7 Steps to Start Your First Content Marketing Campaign

Jayson DeMers
4 min readSep 14, 2020
Photo by Campaign Creators on Unsplash

By now, you’ve heard about all the amazing benefits of content marketing. You know that with the right strategy, you can earn more traffic, build a better reputation, and see compound growth in both areas without greatly increasing your budget over time.

It’s truly one of the most cost-efficient marketing strategies around, but its rewards are proportional to the quality of your strategy and execution. That’s why more experienced writers and marketing agencies charge more, and why long-running strategies perform better.

So what if you don’t have any experience with the content marketing at all? It seems like someone unfamiliar with the strategy wouldn’t stand a chance at using it effectively — but at the same time, everyone has to start somewhere, right?

The truth is, you can enter the content marketing game with no experience. You won’t live up to your full potential right off the bat, but if you follow this approach, you’ll be publishing with the best of them in no time.

1. Get a Briefer

Your first job is to get a briefer on what content marketing involves. Yes, as you’re reading this, you probably have a grasp of the basic concept, but try to dig into more details. Understand the beginning, middle, and end of a piece of content’s life, how you’re going to measure your results and ROI, and the process you’ll use to build your empire.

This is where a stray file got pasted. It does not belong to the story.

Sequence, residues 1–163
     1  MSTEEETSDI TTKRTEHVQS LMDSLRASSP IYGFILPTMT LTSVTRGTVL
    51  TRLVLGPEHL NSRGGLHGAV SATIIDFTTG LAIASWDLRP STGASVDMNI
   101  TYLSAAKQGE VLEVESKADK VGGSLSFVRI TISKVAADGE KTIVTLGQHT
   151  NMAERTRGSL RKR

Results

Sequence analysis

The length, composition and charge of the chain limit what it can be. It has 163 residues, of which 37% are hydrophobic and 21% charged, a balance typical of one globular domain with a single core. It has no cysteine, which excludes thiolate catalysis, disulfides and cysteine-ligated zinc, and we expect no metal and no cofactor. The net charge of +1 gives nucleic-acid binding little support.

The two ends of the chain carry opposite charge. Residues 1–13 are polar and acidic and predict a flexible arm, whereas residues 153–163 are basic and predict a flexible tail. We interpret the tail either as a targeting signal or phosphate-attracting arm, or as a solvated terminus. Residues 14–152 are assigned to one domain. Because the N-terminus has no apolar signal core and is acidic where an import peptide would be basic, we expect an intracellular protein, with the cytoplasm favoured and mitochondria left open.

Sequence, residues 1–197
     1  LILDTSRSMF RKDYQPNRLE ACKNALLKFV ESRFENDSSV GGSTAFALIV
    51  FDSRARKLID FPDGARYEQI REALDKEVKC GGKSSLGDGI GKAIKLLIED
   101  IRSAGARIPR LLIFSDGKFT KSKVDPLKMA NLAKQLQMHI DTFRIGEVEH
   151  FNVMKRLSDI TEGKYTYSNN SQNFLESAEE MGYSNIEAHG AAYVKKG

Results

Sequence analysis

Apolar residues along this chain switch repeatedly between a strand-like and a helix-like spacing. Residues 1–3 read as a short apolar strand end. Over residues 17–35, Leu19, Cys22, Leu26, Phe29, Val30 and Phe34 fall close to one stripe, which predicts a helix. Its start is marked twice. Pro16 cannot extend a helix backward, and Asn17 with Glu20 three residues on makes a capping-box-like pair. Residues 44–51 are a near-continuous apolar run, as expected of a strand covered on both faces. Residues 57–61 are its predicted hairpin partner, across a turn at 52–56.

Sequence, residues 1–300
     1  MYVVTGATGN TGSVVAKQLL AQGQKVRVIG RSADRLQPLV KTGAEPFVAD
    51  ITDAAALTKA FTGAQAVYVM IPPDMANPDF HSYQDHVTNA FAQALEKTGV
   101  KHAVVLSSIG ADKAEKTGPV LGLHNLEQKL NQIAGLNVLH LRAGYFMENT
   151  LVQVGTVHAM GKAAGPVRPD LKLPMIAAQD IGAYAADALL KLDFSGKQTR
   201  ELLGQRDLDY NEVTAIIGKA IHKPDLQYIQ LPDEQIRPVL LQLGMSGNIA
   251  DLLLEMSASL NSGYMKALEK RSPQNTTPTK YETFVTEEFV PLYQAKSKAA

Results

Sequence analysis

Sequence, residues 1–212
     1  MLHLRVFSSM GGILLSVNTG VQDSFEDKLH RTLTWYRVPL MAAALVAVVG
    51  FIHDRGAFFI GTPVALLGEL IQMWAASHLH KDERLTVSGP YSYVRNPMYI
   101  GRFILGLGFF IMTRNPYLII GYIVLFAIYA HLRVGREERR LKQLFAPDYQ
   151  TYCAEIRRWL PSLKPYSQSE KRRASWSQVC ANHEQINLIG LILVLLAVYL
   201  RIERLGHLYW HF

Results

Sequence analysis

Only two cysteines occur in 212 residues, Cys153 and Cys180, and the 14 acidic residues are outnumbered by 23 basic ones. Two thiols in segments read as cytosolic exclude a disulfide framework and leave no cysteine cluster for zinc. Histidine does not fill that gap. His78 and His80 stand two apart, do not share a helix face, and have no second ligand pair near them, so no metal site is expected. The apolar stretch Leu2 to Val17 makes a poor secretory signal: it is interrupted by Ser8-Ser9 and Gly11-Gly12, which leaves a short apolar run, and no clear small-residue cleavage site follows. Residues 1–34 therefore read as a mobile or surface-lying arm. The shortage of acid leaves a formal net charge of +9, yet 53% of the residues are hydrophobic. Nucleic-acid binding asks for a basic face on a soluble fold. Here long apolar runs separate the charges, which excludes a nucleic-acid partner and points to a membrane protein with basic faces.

Get a high-level perspective on the strategy before you dig into any details — you’ll be glad you did.

2. Research Some Competitors

Next, before you start typing, take a moment to research some of your competitors. Look at businesses like yours, and see what they’re doing in terms of content marketing. What types of articles seem to be the most popular? How often are they publishing? Who are they targeting?

Even if your businesses are nearly identical, don’t be tempted to copy their strategy exactly — instead, learn from them, and take inspiration to form your own.

3. Draw Up an Editorial Calendar

Once you’ve spent some time brainstorming and reviewing the competition, it’s time to make an editorial calendar. Don’t worry about this being perfect —…

Jayson DeMers

CEO of EmailAnalytics (emailanalytics.com), a productivity tool that visualizes team email activity, and measures email response time. Check out the free trial!